Check out the New Witch Mountain Teaser Trailer…


The first official teaser trailer for Walt Disney’s Race to Witch Mountain has finally arrived over at Yahoo, and as an added treat, has an exclusive interview with the director and stars that you can’t read anywhere else.

The action-adventure, which revisits the concepts introduced in Disney’s Escape to Witch Mountain (1975) and its sequel Return From Witch Mountain (1978), reunites director Andy Fickman and former wrestler Dwayne “The Rock” Johnson following their 2007 Disney family hit The Game Plan. It stars AnnaSophia Robb (Charlie and the Chocolate Factory) and Alexander Ludwig (The Seeker) as two young teens with supernatural powers who suddenly appear in the back of a cab driven by Johnson, and he has to help them save the world by solving the mysteries of Witch Mountain, a secret location in the Nevada desert. Along the way they get the help of an alien expert played by Carla Gugino.

First, watch the teaser trailer, which debuts with Disney’s Bolt on Friday, then check out the exclusive interview that follows to learn more about Disney’s latest family adventure: saw very early footage from the above at Disney’s panel at Comic-Con International in San Diego over the summer. After the panel, we had a chance to sit down with director Andy Fickman and actor Dwayne Johnson, who were joined by the seriously gorgeous Gugino, who jumped in once in a while as well. Since had JUST visited the set of the movie and posted a report (which you can read here and here), we decided to save this interview until the official trailer finally debuted online, so here it is! Who came up with the idea to do another movie, being that it’s been thirty years since the sequel “Return From Witch Mountain”?

Dwayne Johnson: Our producer…

Andy Fickman: Andrew Gunn (leans back and points him out) right here… (Andrew yells out “I didn’t do it!”)

Johnson: Andrew came up with the idea after he’d just done “College Road Trip.”

Fickman: Andrew successfully had done an updated version of “Freaky Friday” at the studio, and Andrew had been sort of creating a version of “Witch Mountain” for several years, and I think like anything, it’s how things come together. We were in post on “Game Plan,” having a great experience with the studio, it was a series of Andrew and the studio asking me if I was familiar with the movie, and before I could even say anything, I’m like, “It’s one of my all-time favorite movies” and then a discussion of “What will that version be if we didn’t do it as a remake or didn’t do it as a sequel?” Very quickly, we were having conversations and a lunch with Dwayne of like, “Hey, would you consider this?” and he’s like, “I loved that movie” and before you know it, we were putting a team together and next thing you know, Carla’s in my office and we’re saying, “Let’s go off and make this movie.”

Johnson: It happened so quickly, it was just like a strong shot out of a cannon. I just remember Andy Emailing me and saying, “There’s this incredible idea, let’s sit down, meet me for lunch.” We met for lunch and he goes, “Remember Witch Mountain?” and I was like, “Are you kidding me?” Ironically enough, I had just watched it with my little girl, who was four at the time. “I was just watching it the other night!” Just the irony of it was really impressive and before you know it… we were shooting.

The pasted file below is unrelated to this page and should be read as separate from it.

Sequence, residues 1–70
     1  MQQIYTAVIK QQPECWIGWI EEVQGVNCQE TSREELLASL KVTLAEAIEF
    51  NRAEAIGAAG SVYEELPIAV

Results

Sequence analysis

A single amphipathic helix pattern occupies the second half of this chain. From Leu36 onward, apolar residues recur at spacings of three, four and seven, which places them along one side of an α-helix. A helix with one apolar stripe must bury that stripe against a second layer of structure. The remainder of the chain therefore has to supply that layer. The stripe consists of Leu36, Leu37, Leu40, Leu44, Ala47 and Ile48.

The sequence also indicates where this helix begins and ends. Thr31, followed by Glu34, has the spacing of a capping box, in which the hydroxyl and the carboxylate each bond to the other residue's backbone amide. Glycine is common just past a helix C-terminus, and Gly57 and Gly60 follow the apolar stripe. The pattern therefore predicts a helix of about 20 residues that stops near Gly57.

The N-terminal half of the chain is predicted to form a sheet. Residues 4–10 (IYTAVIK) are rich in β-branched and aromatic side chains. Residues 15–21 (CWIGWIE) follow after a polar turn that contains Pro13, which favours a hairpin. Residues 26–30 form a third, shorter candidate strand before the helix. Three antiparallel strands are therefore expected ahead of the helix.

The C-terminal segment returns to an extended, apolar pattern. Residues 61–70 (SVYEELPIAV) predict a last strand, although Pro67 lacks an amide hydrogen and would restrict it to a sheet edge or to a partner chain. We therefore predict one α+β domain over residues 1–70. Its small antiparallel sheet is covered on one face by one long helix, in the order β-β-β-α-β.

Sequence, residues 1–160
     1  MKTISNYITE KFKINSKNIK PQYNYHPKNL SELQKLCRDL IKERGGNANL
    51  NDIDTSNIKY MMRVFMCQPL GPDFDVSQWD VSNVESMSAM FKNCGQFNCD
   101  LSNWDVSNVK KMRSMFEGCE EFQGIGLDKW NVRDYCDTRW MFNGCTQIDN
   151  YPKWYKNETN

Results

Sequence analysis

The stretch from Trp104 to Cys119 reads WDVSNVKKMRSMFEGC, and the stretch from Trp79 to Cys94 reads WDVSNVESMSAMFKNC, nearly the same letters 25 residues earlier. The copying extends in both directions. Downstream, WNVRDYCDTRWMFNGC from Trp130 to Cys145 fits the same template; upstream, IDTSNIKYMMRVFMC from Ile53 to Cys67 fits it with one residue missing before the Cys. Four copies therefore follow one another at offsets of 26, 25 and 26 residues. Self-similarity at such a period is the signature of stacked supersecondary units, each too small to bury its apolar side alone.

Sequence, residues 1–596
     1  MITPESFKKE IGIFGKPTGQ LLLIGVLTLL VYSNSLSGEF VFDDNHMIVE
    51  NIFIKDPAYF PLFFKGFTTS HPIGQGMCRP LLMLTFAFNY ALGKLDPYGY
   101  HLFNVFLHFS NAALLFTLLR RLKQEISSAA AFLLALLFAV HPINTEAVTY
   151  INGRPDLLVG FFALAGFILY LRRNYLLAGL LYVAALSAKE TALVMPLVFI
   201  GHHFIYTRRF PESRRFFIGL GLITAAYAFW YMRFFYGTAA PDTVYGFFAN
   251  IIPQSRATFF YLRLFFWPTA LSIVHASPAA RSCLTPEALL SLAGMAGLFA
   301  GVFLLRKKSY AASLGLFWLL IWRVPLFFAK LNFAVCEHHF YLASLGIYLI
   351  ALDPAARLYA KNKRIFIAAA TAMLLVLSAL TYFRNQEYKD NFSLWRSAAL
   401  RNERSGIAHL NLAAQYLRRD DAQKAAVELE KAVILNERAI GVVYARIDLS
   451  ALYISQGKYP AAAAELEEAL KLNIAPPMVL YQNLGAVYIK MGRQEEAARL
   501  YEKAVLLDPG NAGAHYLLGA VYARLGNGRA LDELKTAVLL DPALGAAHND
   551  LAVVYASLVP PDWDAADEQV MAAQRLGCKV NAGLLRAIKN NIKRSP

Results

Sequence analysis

CS: It did happen fast since “Game Plan” was less than a year ago now.

Fickman: Put it this way, at the premiere for “Game Plan,” Anna Sophia Robb was here, Kim Richards was there. We already had people. We had AnnaSophia Robb and Kim Richards at the premiere taking pictures together without announcing anything, so yeah, it was a pretty amazing… but I think when a movie comes together and everybody has the same shared vision, then it wasn’t a question of “Do I see the movie different than Andrew?” Or “Do we see the movie different than the actors?” From the very beginning, we wanted to make it serious, we wanted to make it real. We wanted to make it fun, but it’s got to be grounded—Carla’s character has to be grounded in reality, she can’t just be this person, and Dwayne’s character, he has to make decisions not based on the fact that he’s a superhero. He’s got to make decisions based on the fact of what would you do if two kids got in back of your car and their lives were in jeapordy and they convinced you they were aliens, who would you call? How would you get through? Once we started having those conversations, man, you couldn’t wait to make the movie.

CS: Since you guys just did this family comedy together, even though Dwayne’s done action movies before, this would seem very different, so how did Disney decide to have you guys do this kind of movie together after “Game Plan”?

Fickman: I think it’s because they came to me and spoke to me about how I would feel about it, and I’d know Andrew for a long time and was enjoying the relationship with Disney, and then you start with that iconic image of who (drives) the cab they get into it? You can go through a whole list of actors but then if you think, “What if they go into that cab and the guy driving it is Dwayne Johnson?” Boink, you know what the movie is. At that point, you’re having that relationship and you’re able to talk about this with your actors to where they can really bring something to the equation. There was a lot of Carla when we were in the process of developing the script and we had a lot of Emails and a lot of discussions about “What about this theory?” From a scientific standpoint, you can’t ask for a better process than that.